This is just awful. I had a few lessons with Mr. Dalley when I was at UMD, and he was just wonderful. He was demanding, but very nice and always willing to give you extra time if he could. I remember one lesson that he had to cut a tiny bit short and said that next time the quartet was teaching I could sign up for an extra lesson time (which, at UMD, was more valuable than gold).
Hopefully he'll make a speedy recovery.
Usually 80% of men in their 70's are diagnosed w/prostate cancer.Prostate cancer is one of the biggest killers of men,yet it is one of the slowest growing cancers. I have prostate cancer and was supposed to be dead 12 months ago.I am 61. My PSA is well over 100 and they don't even measure it anymore. Am under no pain at all and can still play the violin,walk,travel and make love.........Sooner or later it will hit though,it usually travels to the bone,causing deterioration of all bone cells ,resulting in tons of pain---which only morphine will alleviate.........................So,eventually you become addicted to morphine and subsequently your kidney and liver cease to function---causing death........BUT MUSIC HELPS !!!!!!!!! And a generally happy attitude helps also..........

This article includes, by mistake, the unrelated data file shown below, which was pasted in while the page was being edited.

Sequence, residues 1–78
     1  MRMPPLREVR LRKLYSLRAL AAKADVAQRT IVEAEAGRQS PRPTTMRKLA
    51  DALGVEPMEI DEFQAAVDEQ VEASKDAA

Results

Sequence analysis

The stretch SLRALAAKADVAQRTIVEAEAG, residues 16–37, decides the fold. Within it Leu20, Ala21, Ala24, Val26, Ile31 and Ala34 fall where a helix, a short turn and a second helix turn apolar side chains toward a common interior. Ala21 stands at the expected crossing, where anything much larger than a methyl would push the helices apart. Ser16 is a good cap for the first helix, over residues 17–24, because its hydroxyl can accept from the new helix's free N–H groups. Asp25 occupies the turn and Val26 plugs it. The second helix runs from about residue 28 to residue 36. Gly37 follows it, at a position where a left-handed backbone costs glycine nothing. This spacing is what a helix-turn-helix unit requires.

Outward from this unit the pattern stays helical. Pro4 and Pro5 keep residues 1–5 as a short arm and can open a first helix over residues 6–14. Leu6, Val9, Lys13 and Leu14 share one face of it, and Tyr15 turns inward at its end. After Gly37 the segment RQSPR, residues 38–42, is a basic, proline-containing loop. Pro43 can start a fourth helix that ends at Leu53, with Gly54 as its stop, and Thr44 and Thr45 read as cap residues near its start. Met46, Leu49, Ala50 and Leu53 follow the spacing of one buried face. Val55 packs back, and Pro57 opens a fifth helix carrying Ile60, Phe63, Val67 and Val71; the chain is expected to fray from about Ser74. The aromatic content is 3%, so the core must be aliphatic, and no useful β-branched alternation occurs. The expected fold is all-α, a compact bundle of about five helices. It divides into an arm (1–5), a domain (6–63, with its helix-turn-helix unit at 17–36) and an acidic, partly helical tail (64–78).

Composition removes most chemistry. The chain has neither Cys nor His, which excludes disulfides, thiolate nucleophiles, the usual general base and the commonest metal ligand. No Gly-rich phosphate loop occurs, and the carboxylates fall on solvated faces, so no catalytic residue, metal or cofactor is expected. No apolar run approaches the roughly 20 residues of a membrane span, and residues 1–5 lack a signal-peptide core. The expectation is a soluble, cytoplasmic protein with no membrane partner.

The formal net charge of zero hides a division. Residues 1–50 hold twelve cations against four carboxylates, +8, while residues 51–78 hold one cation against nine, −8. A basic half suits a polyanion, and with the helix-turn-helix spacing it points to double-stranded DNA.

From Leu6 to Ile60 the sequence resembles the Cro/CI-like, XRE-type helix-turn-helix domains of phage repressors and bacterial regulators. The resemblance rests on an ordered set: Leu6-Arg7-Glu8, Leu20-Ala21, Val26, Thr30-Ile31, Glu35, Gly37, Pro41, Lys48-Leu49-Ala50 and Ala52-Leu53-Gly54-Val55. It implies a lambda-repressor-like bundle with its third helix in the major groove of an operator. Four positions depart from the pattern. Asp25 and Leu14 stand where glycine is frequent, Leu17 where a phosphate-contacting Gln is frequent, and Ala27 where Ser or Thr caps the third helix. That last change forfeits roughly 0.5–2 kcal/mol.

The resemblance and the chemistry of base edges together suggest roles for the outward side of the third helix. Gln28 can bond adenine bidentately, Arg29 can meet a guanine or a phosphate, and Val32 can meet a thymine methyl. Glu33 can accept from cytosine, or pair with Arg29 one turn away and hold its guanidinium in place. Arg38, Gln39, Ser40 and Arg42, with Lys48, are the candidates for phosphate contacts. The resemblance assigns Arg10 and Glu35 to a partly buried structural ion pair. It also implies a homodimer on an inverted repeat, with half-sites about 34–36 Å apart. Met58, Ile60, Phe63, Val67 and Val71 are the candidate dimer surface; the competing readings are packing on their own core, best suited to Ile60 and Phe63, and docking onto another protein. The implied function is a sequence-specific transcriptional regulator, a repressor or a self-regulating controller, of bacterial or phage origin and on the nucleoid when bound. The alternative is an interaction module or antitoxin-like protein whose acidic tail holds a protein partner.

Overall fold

I had the very same treatment six years ago and i have had no after effects since then. the treatments take only a few minutes and are absolutely paniless. the only drag was having to drive to the cancer center every day for eight weeks.
Nine years ago I had 102 radioactive seeds put in my cancerous prostate. Two months agothey gave me a new fangled MRI exam to see why my PSA was slowly creeping up andthat plus a bone scan showed no cancer return. Two weeks ago they knocked me out and did a rather extensive biopsy and the results showed absolutely no cancer return. The treatments for prostate cancer now are way more successful than even just a few years ago. They can even take it out with minimally invasive robotic surrgery. Other treatments include laser and cryosurgery and some newfangled gizmo in Canada using heat that is quite successful.